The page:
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Posted March 05, 2022

Sean Ring

By Sean Ring

Londongrad in the Crosshairs

  • There are mountains of Russian oligarch money in London.
  • Not only did the oligarchs get passports, but they also got tax deductions.
  • The country that invented money laundering writ large has a crisis of conscience.

Happy Thursday!

Youll need to sit down for this one.

The staggering hypocrisy will floor you if you dont.

Now lets get one thing straight: I love the country of my second childhood.

But lets face it: no one goes there for the weather the food the taxes or the lectures on morality.

What makes the UK so great in general, and London in particular, is that the entire world heads there to make money.

Ive been drunk with more people from more lands in London pubs than I can count.

I weep for those days.

Yes, rent was incredibly high. And the taxes were asinine.

But It was a joyful time in my life.

Now that doesnt mean Im unaware of its, well, dubious financial dealings.

You see, the most brazenly capitalistic place in the western world isnt New York.

No, siree.

That distinction goes to the little square mile known as the City of London.

A place in Greater London, England, and the UK with a different set of laws than everyone else. Literally.

But before I get into the City itself, lets head back to another great place, founded in the nineteenth century.

Hong Kong, circa the 1840s

What the boat people used to call the fragrant harbor was nothing more than a fishing village of a few families off the south coast of China.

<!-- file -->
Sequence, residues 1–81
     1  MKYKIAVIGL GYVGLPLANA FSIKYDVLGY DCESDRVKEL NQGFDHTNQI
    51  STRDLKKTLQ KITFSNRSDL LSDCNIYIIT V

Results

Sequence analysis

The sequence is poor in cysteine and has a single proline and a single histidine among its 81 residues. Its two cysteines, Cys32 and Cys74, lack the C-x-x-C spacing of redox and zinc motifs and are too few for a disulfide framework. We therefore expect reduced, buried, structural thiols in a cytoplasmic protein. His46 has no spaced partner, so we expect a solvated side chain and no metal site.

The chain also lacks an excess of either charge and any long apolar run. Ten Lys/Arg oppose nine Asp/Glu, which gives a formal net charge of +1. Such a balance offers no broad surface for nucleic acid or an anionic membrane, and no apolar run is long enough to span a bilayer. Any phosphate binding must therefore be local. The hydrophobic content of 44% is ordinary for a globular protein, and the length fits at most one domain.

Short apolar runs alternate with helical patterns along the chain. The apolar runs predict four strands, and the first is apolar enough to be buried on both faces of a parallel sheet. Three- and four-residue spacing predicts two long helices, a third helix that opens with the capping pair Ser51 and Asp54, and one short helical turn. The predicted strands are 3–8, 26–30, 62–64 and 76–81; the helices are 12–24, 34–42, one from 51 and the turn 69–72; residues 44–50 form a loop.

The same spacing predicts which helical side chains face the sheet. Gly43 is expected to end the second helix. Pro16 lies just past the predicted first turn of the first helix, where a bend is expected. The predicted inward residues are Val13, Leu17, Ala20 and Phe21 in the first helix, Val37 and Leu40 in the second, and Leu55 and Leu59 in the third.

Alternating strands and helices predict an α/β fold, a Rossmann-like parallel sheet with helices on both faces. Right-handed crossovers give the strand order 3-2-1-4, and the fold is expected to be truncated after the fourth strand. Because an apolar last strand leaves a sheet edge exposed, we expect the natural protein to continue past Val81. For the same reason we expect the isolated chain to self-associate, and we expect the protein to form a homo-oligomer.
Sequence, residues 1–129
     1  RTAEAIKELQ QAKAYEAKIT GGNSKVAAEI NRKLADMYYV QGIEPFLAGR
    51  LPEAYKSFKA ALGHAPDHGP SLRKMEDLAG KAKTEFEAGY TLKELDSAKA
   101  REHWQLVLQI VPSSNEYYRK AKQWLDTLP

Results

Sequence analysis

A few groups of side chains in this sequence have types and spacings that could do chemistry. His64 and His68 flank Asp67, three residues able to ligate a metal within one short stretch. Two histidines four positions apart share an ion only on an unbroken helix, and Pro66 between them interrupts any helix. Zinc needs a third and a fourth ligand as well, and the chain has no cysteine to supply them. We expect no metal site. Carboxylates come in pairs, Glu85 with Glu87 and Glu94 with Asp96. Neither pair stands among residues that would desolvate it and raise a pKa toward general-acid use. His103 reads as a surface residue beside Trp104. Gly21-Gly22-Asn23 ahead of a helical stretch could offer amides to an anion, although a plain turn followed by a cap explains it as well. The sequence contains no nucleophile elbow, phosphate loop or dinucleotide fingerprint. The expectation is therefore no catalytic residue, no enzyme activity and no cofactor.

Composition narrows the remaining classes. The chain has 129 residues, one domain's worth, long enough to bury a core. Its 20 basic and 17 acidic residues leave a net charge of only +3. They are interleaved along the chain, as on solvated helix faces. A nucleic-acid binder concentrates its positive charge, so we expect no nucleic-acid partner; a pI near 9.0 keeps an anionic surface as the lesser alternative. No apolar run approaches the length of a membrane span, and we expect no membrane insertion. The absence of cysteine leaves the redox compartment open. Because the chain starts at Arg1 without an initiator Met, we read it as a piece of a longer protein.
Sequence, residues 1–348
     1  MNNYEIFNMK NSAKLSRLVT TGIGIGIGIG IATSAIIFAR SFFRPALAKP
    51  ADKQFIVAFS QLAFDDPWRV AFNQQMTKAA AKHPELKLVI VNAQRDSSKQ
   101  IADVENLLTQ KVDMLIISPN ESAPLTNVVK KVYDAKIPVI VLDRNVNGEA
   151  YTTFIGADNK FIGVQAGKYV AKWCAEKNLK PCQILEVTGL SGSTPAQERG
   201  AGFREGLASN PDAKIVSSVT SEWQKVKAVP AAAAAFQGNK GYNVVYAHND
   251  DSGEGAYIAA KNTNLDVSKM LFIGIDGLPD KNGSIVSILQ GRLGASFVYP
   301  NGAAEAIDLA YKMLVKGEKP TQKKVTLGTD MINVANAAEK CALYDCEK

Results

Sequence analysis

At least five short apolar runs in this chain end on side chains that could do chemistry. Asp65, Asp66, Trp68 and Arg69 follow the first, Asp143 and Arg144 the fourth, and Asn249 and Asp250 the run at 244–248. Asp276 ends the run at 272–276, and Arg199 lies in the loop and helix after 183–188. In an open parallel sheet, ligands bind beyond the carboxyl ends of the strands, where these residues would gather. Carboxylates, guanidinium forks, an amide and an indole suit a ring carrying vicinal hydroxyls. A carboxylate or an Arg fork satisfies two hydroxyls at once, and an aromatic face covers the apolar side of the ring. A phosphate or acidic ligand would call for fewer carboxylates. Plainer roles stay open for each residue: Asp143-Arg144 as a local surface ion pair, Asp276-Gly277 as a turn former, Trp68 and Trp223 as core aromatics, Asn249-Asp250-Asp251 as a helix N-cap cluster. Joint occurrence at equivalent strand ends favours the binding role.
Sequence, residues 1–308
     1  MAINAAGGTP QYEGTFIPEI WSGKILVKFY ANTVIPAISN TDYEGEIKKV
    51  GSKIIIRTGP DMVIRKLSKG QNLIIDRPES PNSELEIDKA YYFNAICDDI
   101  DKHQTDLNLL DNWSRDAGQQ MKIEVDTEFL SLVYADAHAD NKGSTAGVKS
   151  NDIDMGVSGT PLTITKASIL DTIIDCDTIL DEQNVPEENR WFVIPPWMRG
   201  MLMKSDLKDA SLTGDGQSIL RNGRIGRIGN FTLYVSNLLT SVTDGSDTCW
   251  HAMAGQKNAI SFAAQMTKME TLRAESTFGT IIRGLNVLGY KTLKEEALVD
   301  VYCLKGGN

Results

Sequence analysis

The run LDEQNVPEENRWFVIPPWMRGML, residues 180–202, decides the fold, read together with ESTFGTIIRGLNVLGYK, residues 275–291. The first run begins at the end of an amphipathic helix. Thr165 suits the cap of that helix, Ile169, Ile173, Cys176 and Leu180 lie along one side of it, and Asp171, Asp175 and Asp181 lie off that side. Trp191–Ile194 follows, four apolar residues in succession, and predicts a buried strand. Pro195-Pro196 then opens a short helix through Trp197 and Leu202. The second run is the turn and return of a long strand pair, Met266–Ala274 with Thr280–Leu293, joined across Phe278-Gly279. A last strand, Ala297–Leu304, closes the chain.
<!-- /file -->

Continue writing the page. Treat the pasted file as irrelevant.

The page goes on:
But Hong Kong was destined for greater things once the British got their hands on it.

How so?

Ill spare you the details, but lets imagine a conversation between British merchants, trying to procure some tea - which at the time only grew in China.

Their problem was that the Chinese emperor didnt want any British export crap; he would only take silver.

Lets join our friends, who are brainstorming over a pint of IPA - India Pale Ale - which didnt need to be refrigerated and, hence, could be shipped from the homeland.

What are we going to do? The damn emperor wont trade anything for the tea!

But those Chinese like to chase the dragon, dont they?


You know smoke the opium pipe


Ive got an idea How about we sell them the opium for silver

And then use the silver they give us to buy their tea!

Thats it!

Matey, youre a genius!

And that, my friend, is how the Opium Wars started and how the British Empire became the greatest narcostate in human history.

But they needed a bank to finance the whole thing.

Step forward, Thomas Sutherland, director of the P&O ferry company and founder of the Hong Kong and Whampoa Dock company.

Sutherland founded the Hongkong and Shanghai Banking Corporation - now you know them as HSBC.

To spell it out for you: HSBC was founded to launder drug money.

Yes, I just wrote that.

Sure, they financed loads of other things and still do a great job.

Heck, theyre my bank in Hong Kong.

Nevertheless, the Hongkong and Shanghai Banking Corporation was formed to finance the opium trade.

I tell you this, so you know the British have pedigree in this game.

Read this excellent article later for more fun history.

The City of London - Present Day

Why build banks around the world when you can launder money at home?

Enter: Londongrad!

When the Soviet Union broke up, and the oligarchs raped the joint with the help of the Harvard Boys, they needed a place to stash the cash.